There are more teachers teaching fewer students. That's the picture that's coming into focus in Michigan's 51stHouse district, where House Education Committee Chair Paul Scott, R-Grand Blanc, is facing the prospect of a recall election on Nov. 8.

Michigan's major political battle this fall has been pitting the Michigan Education Association and sympathetic fellow unions against Republicans in the Michigan Legislature. At issue are GOP-passed education reforms and alleged spending cuts. The flash-point in the battle has seemingly been Rep. Scott's recall election.

With so much attention being paid to the recall and the alleged impact of GOP reforms, teacher and enrollment data has been monitored carefully at the five school districts within the 51st House district. Those school districts are: Fenton, Goodrich, Grand Blanc, Lake Fenton and Linden.

As previously reported by Capitol Confidential, Grand Blanc Community Schools has added nine new teachers this year. Including those numbers, there are a net seven more teachers in the 51st House district than there were last year.

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The figures look like this:

  • Goodrich: 111 teachers last year, 108 this year, a net three layoffs;
  • Lake Fenton: 88 last year, 89 this year, a net gain of one teacher;
  • There was no change in total teachers in Fenton, which has 200 teachers, or Linden, which has 148.

These statistics are from the school districts themselves. The Mackinac Center for Public Policy obtained the information from school districts statewide through Freedom of Information Act requests. Almost all of that data has now been collected.

Meanwhile, according to financial statements available through the Michigan Department of Education, overall enrollment in the five school districts in the 51st District is down 29 students compared to last year.

Readers should note that late Thursday, the Michigan Court of Appeals issued an opinion that could prevent the recall election of Rep. Scott from taking place. It ruled that the Ingham County Circuit Court erred on Sept. 12 when it ruled to allow the recall to move forward. The case has now been sent back to the Ingham County Circuit Court.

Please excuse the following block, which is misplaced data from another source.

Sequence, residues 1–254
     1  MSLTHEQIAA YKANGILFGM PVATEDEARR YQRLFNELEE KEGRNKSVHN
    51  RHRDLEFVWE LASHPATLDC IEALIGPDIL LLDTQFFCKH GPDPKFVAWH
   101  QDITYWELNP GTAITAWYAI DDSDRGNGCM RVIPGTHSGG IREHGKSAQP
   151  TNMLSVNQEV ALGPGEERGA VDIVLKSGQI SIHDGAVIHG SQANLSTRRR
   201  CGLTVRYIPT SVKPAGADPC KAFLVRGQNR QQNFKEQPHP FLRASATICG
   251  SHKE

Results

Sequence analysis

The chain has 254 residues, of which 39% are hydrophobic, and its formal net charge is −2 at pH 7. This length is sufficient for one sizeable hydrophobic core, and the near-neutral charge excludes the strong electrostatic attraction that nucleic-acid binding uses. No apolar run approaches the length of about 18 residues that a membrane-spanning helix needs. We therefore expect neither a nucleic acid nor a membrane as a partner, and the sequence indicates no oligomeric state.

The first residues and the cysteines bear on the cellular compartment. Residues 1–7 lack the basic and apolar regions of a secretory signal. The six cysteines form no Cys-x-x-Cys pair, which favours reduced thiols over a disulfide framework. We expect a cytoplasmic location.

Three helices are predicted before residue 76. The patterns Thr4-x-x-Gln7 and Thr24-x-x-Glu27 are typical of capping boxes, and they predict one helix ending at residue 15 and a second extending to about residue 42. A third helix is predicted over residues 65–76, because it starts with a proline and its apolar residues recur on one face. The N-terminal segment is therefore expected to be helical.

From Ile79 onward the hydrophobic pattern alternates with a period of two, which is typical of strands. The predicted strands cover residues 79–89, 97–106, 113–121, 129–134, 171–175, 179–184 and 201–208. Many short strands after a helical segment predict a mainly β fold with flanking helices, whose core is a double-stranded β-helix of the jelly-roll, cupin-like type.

Earlier on Thursday, the Michigan Republican Party announced that Lt. Gov. Brian Calley would be in Scott's district to knock on doors and help with his campaign against the recall. According to well-placed sources, Rep. Scott's campaign and the efforts of groups supporting him are continuing, even though there is now a possibility that court action could stop the election.

On July 27, Rep. Scott asked the Genesee County Circuit Court to rule on the clarity of the recall petition language. The petition drive went forward even though the court hadn't ruled, but Rep. Scott's attorneys argued in the Ingham County Circuit Court that he'd been denied due process when the petition drive was allowed to continue before there had been a final court decision on the issue of petition clarity.

On Sept. 12, Ingham County Circuit Judge Clinton Canady said that although Rep. Scott's legal point might have technical validity, he wouldn't have likely won the case on its merits. On Thursday, the state Court of Appeals disagreed.

Bill Rogers, R-Brighton, chair of the House Appropriations Education Subcommittee, said the actual teacher numbers in the 51st district provide the latest example of how the MEA misrepresents reality.